China on Wednesday announced a nationwide loosening of coronavirus rules, permitting home isolation for close contacts and removing the requirement for COVID tests in most public places.
Less than two weeks have passed since widespread protests over the “zero COVID” policy erupted across the nation. Since the onset of the pandemic, millions of people have been suffering under various constraints; this announcement has given them some relief.
“China further adjusts and optimises COVID response by releasing 10 new measures, including allowing infections with mild or no symptoms to take home quarantine and reducing the frequency of nucleic acid testing,” state media outlet Global Times said in a tweet while quoting the country’s Joint Prevention and Control Mechanism of the State Council.
Hundreds of people in Shanghai, China’s largest city and financial hub, started publicly demonstrating against the restrictive COVID-19 regulations in the last week of November.
According to Human Rights Watch, a New York-based organisation, protesters screamed “Down with the Communist Party!” and “Down with Xi Jinping!” while holding blank banners to avoid arrest and reduce risk (HRW).
On November 27, college students around the nation gathered on their campuses to protest, and that evening, hundreds of people walked to the streets in Wuhan, the birthplace of COVID-19, Chengdu, Beijing, and other major cities.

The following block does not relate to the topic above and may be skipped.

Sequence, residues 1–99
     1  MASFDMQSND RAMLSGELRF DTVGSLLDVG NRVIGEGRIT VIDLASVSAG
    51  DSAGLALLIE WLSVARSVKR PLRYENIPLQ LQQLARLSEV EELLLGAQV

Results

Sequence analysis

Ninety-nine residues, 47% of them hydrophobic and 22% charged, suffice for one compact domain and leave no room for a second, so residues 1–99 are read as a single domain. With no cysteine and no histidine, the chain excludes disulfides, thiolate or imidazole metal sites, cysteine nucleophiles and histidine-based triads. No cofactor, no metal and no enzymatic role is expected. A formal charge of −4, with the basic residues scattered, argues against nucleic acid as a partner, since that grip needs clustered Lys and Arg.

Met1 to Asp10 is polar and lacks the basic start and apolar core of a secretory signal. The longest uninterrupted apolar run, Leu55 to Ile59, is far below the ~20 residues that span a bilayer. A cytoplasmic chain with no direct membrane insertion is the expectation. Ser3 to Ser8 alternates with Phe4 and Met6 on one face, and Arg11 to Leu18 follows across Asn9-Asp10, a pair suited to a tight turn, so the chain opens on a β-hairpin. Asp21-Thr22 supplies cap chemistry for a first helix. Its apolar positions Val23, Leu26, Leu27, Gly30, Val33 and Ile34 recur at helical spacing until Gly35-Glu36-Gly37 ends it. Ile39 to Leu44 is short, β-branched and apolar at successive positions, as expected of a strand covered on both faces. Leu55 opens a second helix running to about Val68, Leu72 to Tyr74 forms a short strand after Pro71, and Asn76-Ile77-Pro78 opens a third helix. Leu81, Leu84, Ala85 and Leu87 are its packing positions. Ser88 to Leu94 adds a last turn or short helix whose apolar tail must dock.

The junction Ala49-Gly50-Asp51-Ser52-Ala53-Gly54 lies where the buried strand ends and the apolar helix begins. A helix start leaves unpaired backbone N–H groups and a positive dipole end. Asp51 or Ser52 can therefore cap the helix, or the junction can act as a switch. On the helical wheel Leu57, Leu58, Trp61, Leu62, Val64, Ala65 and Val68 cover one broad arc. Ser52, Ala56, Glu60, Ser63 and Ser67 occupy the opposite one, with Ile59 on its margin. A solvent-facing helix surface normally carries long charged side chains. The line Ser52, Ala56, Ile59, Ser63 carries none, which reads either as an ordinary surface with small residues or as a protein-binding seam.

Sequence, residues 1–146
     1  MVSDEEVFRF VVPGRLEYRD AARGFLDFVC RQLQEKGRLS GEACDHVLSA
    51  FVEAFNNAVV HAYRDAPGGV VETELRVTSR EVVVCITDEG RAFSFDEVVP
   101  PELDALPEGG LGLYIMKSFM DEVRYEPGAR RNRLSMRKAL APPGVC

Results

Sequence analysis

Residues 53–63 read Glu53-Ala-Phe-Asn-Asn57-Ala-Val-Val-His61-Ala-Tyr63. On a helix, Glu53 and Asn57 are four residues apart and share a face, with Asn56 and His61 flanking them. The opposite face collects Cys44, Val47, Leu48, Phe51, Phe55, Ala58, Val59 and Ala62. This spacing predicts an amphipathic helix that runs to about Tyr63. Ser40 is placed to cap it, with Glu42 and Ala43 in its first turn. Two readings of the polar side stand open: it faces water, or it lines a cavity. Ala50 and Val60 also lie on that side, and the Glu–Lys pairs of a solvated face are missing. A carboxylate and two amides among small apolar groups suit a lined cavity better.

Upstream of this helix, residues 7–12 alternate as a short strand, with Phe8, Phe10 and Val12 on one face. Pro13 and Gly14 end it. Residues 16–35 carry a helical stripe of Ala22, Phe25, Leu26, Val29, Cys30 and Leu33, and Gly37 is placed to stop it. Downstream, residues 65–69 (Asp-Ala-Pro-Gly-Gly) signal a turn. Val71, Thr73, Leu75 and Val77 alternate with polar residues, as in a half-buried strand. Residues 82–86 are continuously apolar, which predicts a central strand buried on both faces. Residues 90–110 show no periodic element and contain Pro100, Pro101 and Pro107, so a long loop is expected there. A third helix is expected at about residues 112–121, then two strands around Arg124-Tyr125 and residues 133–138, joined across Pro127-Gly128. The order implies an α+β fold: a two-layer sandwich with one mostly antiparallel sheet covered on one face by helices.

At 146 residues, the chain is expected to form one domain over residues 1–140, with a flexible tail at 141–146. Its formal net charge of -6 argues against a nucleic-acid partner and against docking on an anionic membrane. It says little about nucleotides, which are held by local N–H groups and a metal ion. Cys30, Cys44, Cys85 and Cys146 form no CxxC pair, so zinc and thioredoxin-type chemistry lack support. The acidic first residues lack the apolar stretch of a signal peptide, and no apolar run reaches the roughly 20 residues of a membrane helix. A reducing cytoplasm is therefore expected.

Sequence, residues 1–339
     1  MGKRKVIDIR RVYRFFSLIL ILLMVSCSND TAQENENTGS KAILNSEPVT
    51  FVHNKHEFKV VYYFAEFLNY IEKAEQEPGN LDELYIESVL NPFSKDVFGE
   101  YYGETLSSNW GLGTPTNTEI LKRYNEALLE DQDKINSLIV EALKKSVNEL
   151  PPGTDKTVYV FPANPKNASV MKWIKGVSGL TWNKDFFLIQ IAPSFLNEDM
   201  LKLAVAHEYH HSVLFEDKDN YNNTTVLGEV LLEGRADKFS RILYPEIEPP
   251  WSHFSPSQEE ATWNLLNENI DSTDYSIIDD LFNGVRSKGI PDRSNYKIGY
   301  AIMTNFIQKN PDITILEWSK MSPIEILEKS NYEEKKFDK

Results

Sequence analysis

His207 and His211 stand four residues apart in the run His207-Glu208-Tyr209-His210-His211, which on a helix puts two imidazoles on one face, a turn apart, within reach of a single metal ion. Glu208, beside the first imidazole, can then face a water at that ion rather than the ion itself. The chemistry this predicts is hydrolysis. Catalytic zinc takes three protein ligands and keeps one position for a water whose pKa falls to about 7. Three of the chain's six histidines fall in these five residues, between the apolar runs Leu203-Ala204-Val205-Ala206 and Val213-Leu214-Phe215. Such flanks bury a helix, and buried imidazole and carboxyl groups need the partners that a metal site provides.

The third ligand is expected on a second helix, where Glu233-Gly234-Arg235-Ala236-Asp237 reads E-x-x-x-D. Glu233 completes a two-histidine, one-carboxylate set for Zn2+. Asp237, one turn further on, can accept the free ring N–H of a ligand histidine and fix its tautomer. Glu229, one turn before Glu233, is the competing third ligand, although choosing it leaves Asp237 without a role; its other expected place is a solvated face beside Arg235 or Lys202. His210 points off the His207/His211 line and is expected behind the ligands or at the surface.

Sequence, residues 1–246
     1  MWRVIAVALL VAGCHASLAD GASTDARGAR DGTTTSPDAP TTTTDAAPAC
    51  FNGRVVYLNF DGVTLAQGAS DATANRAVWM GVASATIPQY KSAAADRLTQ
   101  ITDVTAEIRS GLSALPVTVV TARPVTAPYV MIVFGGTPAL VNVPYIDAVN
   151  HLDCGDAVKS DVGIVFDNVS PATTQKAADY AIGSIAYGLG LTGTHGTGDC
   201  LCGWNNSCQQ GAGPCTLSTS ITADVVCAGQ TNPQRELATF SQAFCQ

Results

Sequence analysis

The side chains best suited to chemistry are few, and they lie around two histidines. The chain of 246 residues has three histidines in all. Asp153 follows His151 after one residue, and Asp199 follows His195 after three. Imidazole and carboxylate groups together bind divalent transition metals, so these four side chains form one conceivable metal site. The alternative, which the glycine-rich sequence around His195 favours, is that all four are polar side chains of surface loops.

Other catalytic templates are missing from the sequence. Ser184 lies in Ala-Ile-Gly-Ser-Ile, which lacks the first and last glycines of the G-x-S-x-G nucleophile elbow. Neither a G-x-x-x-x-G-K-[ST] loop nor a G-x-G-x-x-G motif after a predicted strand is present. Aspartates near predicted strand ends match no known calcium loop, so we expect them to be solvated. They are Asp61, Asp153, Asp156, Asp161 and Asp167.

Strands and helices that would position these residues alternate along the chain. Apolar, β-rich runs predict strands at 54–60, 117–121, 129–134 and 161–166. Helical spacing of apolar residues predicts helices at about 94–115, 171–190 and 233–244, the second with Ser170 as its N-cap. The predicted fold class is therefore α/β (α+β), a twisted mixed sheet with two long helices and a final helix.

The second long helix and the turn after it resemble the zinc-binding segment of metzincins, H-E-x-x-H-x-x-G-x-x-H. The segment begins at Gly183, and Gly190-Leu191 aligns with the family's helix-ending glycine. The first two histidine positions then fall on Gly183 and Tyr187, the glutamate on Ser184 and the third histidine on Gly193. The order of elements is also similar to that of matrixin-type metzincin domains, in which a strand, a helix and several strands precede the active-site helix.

The demonstration in Shanghai was in response to an apartment building fire that occurred on November 24 in Urumqi, the regional capital of northwest China’s Xinjiang province, and resulted in at least 10 fatalities.
According to media reports, pandemic control barriers prevented residents from fleeing the fire, and COVID-related restrictions made it difficult for emergency responders to work.
Later, citizens of Urumqi gathered in front of a government administrative building to lament the fatalities and denounce COVID restrictions that have kept the city under lockdown for more than three months.
“Chinese authorities have badly underestimated the willingness of people across China to risk all to have their rights and liberties respected,” said Yaqiu Wang, senior China researcher at Human Rights Watch.
“People in China with incredible courage are showing the Chinese Communist Party and the world that they, like everyone else, are entitled to have a say in how they are governed,” Yaqiu added.